Another example that leaps to mind is Max Bruch. How many folks out there, who aren’t Max Bruch Scholars, know more of his work than the Violin Concerto in g minor? What was really frustrating to Max was that he had written a second violin concerto, in D Major, that he firmly believed was a better composition. No one really wanted to hear it or perform it. When he got letters regarding his g minor concerto, he would often send a simple missive in return, “My second violin concerto is much better. Won’t you give it a try?” Few, if any, did.

I also wrote three symphonies that are almost never performed.

Entering into the world of composers who didn’t write a lot, but what they did write is pretty good, two instantly leap to my mind: Gabriel Faure and Alexander Borodin.  Their music is tuneful with (often) solid ideas and (often) beautiful harmonies. Their sense of orchestration is unique (ok, so Borodin had lots of “assistance”) and colorful.  If you don’t know that much music by either of them, don’t worry, you are not alone.  Borodin has three symphonies, but only the second, if any,  is performed along with the Polovetsian Dances from his magnum opus, the opera Prince Igor. Faure is largely known for a small smattering of orchestral & choral works, even though he did write a fair amount of chamber music.

The Most Interesting Faure says, “I don’t often write music. But, when I do, I hold a Dos Equiis.”

I was reported to be a chemist and a feminist. Take that, Interesting Man Faure.

Then we come to the composers who wrote a lot of music and most all of it is good, if not great.  Sure, Beethoven, Mozart and Haydn have “lesser” works.  Not everything is Wellington’s Victory (ok, I know that piece comes in for a lot of abuse these days), but their “great” works so outweigh their “lesser” works it isn’t funny. And remember, they were human. They had to learn, develop, and grow just like the rest of us. Naturally they were going to have bumps along the way. And, in the case of Haydn, his work load required such output that I cannot believe how good almost all of it is.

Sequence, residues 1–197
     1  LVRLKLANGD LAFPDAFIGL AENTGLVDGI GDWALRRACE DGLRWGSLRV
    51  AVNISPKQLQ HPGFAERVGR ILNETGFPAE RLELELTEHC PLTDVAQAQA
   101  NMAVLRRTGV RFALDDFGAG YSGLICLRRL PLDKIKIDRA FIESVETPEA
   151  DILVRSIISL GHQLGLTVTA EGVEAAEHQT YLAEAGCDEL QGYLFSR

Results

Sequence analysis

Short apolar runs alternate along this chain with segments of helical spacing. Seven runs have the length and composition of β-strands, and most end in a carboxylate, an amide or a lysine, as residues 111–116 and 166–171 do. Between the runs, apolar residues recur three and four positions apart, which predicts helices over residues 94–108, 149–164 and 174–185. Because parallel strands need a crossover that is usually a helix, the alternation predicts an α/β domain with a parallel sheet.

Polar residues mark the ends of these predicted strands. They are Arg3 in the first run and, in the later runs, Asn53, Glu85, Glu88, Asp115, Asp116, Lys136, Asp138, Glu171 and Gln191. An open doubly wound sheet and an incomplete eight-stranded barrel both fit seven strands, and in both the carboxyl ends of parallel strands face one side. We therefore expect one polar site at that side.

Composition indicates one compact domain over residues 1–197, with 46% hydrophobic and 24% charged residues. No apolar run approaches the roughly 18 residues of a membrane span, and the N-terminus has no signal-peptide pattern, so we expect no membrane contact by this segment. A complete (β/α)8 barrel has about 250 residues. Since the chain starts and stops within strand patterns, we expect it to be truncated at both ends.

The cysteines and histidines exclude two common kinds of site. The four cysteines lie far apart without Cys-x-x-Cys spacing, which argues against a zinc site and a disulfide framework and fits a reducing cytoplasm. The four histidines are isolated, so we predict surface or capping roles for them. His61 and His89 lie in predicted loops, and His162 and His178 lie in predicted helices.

No, I didn’t forget to mention him. Johann Sebastian Bach.  There. I said it.     

No, angels didn’t write this. An exceptional human did.

Regarding the “no hit wonders,” as I called them earlier…  I am not here to point any fingers about that. I think it is very interesting to look over programs from major orchestras. Many libraries (remember those?) have bound copies of concert programs from major orchestras from 30, 40, 50, 100 years ago. (Sure… some of that is available online. But, there’s nothing like holding the old program book in your hands.) Mahler conducted and performed the music of… Mahler and Strauss. A concert of only contemporary music? With a major orchestra? And it was sold out? Think forward from Mahler’s time. Bernstein has been credited with “rediscovering” Mahler. Did Mahler’s music really disappear? Or was it that Lenny “popularized” Mahler?

Certainly you have some thoughts about this. We’d love to hear your comments!

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4 Comments leave one →
  1. February 4, 2012 5:41 pm